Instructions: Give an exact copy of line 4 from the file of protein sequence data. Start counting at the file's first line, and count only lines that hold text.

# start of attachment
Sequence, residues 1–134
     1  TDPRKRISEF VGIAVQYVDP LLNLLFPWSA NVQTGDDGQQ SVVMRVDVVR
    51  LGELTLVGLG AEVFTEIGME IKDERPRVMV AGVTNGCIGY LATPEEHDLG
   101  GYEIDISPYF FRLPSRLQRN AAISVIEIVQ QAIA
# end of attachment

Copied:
   101  GYEIDISPYF FRLPSRLQRN AAISVIEIVQ QAIA